Getting Our Youth Fishing

speckledtroutyouth Getting Our Youth Fishing

Abby Gonzalez happily shows off her trout.

By Capt. Joe Kent

Almost every outdoor publication that includes fishing will at some point have articles expressing concerns on the future of fishing for the next generations.  Most tend to focus on the crop of fish that may or may not be available, adverse environmental changes and future regulations that could discourage fishing.

While there is no doubt that those are viable concerns needing to be addressed, my biggest concern is getting kids involved in fishing.

While I do not have any statistics to support my observations, my experiences show that today there are a lot fewer kids involved in fishing.

Each angler that considers himself or herself to be an avid fisherman likely had the roots of their passion developed at an early age and usually have someone in the past to acknowledge as being a major influence on generating their passion for fishing and teaching them the basics.

I recall as a young child how much I enjoyed going to Clear Lake and fishing from the numerous docks and piers along the lake and from the Harris County Park on NASA Road 1.

My dad, while not very interested in fishing or crabbing, would take me and watch while I fished.  Much of my early knowledge of the basics, from how to rig a pan fish line to the proper baits, were learned from others fishing around me.  I don’t recall anyone ever getting annoyed by the questions I would ask and at times requesting to borrow a piece of bait they were using.

The only fishing my dad had been exposed to was freshwater and mostly from river forks such as those along the Trinity River in North Texas.  The only thing he knew about fishing was centered on a cane pole, bobber and worms or pieces of entrails of chickens.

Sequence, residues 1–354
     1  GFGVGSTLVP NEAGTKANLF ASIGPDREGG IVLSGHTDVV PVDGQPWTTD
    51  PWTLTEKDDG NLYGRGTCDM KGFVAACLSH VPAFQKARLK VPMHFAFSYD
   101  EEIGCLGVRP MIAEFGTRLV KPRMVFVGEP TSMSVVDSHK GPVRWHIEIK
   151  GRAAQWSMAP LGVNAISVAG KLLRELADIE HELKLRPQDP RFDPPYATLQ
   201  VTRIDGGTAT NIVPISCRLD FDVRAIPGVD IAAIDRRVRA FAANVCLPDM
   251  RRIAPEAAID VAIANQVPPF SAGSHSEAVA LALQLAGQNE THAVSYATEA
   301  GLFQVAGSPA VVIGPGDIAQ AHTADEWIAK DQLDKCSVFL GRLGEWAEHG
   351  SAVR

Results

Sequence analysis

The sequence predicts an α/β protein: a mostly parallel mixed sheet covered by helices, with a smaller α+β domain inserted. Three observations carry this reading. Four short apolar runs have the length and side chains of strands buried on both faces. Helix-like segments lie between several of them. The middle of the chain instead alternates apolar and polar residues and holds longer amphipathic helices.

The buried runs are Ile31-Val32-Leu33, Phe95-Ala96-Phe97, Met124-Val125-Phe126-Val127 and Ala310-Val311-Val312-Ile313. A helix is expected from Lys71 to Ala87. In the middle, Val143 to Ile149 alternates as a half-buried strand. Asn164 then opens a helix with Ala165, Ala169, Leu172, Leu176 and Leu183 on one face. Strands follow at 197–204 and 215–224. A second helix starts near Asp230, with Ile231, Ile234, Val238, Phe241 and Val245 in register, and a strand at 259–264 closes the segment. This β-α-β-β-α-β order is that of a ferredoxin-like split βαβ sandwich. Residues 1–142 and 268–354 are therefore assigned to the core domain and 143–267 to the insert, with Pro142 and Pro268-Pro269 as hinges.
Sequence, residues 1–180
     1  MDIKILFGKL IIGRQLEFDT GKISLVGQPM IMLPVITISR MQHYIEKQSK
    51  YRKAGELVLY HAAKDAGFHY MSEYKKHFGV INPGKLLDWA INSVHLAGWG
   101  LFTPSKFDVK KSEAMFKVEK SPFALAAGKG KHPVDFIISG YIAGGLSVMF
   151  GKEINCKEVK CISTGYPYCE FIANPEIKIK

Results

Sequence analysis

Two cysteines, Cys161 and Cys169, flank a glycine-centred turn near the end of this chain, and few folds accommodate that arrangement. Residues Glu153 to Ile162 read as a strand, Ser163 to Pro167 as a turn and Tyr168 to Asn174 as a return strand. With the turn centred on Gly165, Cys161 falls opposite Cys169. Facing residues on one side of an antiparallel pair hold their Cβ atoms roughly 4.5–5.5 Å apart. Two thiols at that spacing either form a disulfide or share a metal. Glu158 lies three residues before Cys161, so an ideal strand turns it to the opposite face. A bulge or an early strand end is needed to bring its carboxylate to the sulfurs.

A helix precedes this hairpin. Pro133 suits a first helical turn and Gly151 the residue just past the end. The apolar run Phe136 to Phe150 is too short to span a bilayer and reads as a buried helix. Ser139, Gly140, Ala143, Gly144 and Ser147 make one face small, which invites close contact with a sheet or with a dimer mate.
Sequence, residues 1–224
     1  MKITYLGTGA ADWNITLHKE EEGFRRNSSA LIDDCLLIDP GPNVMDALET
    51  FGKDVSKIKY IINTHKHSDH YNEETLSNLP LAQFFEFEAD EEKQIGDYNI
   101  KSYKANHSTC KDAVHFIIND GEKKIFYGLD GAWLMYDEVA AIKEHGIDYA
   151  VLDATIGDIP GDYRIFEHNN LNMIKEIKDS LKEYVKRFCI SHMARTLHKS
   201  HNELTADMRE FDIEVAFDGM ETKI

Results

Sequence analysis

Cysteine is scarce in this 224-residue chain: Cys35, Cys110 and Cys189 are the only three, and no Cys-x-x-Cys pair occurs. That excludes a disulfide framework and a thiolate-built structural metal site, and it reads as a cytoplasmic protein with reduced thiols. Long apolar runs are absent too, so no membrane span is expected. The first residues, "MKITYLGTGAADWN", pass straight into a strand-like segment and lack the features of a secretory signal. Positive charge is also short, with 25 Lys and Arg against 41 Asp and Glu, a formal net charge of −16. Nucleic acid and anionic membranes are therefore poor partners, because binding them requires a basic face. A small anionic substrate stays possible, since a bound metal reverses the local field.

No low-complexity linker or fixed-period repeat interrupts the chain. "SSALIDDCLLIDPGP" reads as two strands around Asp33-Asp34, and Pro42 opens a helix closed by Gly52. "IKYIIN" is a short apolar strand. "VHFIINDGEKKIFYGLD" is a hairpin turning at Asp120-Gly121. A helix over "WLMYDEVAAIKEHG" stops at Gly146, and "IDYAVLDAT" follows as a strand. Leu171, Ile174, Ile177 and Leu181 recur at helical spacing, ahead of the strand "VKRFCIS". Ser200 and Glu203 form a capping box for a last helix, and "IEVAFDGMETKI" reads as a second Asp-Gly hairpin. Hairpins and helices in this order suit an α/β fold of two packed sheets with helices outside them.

At some time near the age of eight a fellow angler on the pier at the county park offered me a few pieces of dead shrimp and showed me how to rig a pan fish line.  Using that bait I caught a few small croaker, however, to hear me tell it, they were big fish.

One person I will always remember is a neighbor who took my dad and me out in his boat.  Launching at Bub’s Fish Camp near the old Seabrook-Kemah Bridge we headed out in a 15-foot Elgin (Sears) boat powered by a 12-hp Sea King engine.  The neighbor first used his shrimp trawl to get bait, both live shrimp and small fin fish.  After obtaining our bait we pushed on to the bulkheads near the Houston Ship Channel and anchored around other boats.

mickey and jordan 2 Getting Our Youth Fishing

Mickey and Jordan Miller with a mixed bag of trout, redfish and mackerel.

Wow, I will never forget that trip with all of the sand trout, croaker, gafftop and I’m sure other fish that we caught.  From that day on I was hooked and it was just before my 10th birthday.

Having memories like that and seeing so many kids being deprived of this fun sport caused me to go on a campaign to encourage other anglers to take kids fishing.

With school now out for the summer, what a perfect opportunity to share this fun sport with our youth.

Just about every opportunity that arises to take young ones with us fishing, my wife and I jump on it.  As a fishing guide I gave a substantial discount for father-child trips and many of the trips were father- daughter.

The first time we hosted some kids was from the Harris County Youth Detention Center located across from the Harris County Park on NASA Rd. 1.  That was back in the mid-1970s and the two youngsters that accompanied us had a ball.

If you do not own or have access to a boat, there are many places to fish from shore, unfortunately not as many as in the past.

Taking a youth fishing is a rewarding experience and will pay dividends for the sport when the child reaches adulthood.

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